Should You Trust SSAI in CTV Advertising?

If you are a savvy marketer (or on your path to becoming one), you’ve probably heard about CTV advertising. Some are excited about it and say this is what you should be putting your money into. Others, however, take CTV ads with the grain of salt.

At Fiksu we believe that CTV has enormous potential but at the same time it has technology vulnerabilities that open the door to fraudsters. In this article, we’re going to examine the strengths and weaknesses of SSAI, the most popular technology for serving ads on CTV.

SSAI 101

So what on earth is SSAI and why it’s important? In the nutshell, server-side ad insertion (AKA ad stitching or dynamic ad insertion) is a way of serving ads in which ad content and the requested video are delivered as a single continuous stream. For media owners, this means a smooth ad insertion process and seamless transition from the ad to the main content. And viewers get to enjoy a pleasant TV-like user experience.

The initial reason SSAI became widely adopted in the industry was that the first CTV devices lacked some capabilities crucial for client-side advertising. However, this is no longer an issue. As time passed, the inability of early devices to support client-side ads was resolved, and newer environments are already much more supportive of client-side code implementation.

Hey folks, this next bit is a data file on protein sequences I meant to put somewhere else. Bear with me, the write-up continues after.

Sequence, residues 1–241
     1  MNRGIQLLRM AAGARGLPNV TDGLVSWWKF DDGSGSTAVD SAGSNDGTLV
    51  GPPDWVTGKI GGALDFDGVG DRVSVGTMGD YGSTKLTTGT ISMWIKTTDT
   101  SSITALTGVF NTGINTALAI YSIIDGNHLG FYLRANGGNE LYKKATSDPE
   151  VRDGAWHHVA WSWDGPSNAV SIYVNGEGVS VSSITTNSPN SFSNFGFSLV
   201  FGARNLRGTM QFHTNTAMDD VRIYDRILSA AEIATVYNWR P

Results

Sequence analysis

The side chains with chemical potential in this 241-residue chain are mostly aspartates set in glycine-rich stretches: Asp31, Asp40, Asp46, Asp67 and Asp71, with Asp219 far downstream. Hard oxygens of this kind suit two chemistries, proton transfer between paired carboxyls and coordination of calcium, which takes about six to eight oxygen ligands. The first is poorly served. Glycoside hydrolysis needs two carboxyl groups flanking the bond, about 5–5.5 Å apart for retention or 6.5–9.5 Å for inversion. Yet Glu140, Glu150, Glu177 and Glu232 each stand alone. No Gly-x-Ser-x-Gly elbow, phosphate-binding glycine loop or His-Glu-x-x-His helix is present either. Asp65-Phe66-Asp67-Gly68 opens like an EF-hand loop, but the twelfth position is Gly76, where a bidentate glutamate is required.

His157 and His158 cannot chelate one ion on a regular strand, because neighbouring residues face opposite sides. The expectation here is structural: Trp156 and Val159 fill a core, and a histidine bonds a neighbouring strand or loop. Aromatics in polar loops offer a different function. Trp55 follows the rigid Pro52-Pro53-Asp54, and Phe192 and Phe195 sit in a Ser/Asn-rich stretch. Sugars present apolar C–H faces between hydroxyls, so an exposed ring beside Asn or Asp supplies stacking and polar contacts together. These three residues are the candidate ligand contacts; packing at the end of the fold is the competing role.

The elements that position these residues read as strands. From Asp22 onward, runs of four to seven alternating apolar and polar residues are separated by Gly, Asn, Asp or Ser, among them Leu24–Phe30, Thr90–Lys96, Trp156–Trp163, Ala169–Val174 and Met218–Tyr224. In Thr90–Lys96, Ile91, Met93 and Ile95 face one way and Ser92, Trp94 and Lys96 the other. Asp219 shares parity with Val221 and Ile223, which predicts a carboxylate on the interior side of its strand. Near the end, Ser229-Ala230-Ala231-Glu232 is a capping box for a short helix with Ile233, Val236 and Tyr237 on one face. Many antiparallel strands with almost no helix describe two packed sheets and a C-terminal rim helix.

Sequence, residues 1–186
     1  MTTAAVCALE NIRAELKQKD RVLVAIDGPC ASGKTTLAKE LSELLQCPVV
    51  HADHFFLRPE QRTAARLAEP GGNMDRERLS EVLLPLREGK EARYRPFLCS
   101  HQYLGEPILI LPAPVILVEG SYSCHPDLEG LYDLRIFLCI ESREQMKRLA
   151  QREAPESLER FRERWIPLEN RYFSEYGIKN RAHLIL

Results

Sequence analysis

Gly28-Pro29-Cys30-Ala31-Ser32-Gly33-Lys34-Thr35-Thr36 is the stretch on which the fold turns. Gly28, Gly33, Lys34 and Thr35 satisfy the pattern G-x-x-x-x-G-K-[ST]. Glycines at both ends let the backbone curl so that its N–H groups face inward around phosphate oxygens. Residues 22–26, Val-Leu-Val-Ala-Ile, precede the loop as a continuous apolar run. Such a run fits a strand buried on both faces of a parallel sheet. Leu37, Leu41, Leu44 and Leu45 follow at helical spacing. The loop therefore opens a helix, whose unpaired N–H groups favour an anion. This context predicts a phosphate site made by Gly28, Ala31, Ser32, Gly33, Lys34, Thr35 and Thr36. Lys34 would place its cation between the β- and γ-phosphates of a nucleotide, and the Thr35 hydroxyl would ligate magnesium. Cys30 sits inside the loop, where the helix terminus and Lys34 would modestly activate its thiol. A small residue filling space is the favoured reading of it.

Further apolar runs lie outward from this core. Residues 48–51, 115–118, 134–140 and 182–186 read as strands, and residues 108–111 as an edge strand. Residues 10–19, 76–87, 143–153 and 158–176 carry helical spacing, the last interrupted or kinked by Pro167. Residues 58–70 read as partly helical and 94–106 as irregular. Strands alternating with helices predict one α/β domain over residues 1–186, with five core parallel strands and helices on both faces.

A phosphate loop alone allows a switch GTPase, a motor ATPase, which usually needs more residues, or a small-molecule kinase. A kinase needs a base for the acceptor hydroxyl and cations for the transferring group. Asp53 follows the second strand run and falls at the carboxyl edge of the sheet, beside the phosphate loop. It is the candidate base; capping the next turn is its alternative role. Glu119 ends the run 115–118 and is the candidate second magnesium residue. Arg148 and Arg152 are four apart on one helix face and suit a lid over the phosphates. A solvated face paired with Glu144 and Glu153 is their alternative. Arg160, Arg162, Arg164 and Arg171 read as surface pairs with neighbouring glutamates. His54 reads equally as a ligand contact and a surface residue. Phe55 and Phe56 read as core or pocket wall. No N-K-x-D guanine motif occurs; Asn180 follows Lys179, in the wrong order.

Today SSAI targets much bigger problems in the OTT industry, enabling new ways of video content monetization on advertiser platforms.. Currently, SSAI is the most fitting way of advertising for live streams and video-on-demand. According to experts, 61.7% of programmatic ads on OTT/CTV are delivered by SSAI.

One of SSAI’s superpowers is that it creates a unique stream for each customer. Let’s look at what happens without server-side ad insertion using the example of YouTube. The Google-owned video-sharing platform uses client-side insertion. Each time before the requested video loads, users experience a small interruption. This happens because ads are fetched from the ad server to the web page of the user. Then another interruption occurs before the main video is played. The reason for this is that the ad and the video are two separate files that are played sequentially.

With the SSAI things work much smoother. The sequencing is happening at the CMS level, as opposed to the browser level. Thus, a viewer receives a single stream with both the ad and the actual video they requested.

Read More: 10 Golden Principles for an Effective Presentation

Things to Love About SSAI

“Is all this just to avoid some barely noticeable glitches?” you may ask. Of course no. As a matter of fact, SSAI addresses a number of issues in OTT/CTV programmatic advertising.